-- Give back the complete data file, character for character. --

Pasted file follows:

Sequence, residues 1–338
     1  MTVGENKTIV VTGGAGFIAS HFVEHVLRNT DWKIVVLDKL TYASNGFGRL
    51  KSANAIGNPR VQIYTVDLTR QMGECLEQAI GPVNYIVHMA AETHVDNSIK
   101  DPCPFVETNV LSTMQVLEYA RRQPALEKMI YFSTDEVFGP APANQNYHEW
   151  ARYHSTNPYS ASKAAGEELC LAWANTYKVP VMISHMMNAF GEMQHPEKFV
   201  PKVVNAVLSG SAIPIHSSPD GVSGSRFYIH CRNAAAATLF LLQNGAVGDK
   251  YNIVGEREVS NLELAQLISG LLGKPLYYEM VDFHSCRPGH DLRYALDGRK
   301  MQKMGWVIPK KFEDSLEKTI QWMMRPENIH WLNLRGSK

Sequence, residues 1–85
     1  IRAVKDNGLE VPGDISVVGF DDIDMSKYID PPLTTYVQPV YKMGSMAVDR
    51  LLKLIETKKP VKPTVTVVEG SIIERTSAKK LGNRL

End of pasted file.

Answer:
Sequence, residues 1–338
     1  MTVGENKTIV VTGGAGFIAS HFVEHVLRNT DWKIVVLDKL TYASNGFGRL
    51  KSANAIGNPR VQIYTVDLTR QMGECLEQAI GPVNYIVHMA AETHVDNSIK
   101  DPCPFVETNV LSTMQVLEYA RRQPALEKMI YFSTDEVFGP APANQNYHEW
   151  ARYHSTNPYS ASKAAGEELC LAWANTYKVP VMISHMMNAF GEMQHPEKFV
   201  PKVVNAVLSG SAIPIHSSPD GVSGSRFYIH CRNAAAATLF LLQNGAVGDK
   251  YNIVGEREVS NLELAQLISG LLGKPLYYEM VDFHSCRPGH DLRYALDGRK
   301  MQKMGWVIPK KFEDSLEKTI QWMMRPENIH WLNLRGSK

Sequence, residues 1–85
     1  IRAVKDNGLE VPGDISVVGF DDIDMSKYID PPLTTYVQPV YKMGSMAVDR
    51  LLKLIETKKP VKPTVTVVEG SIIERTSAKK LGNRL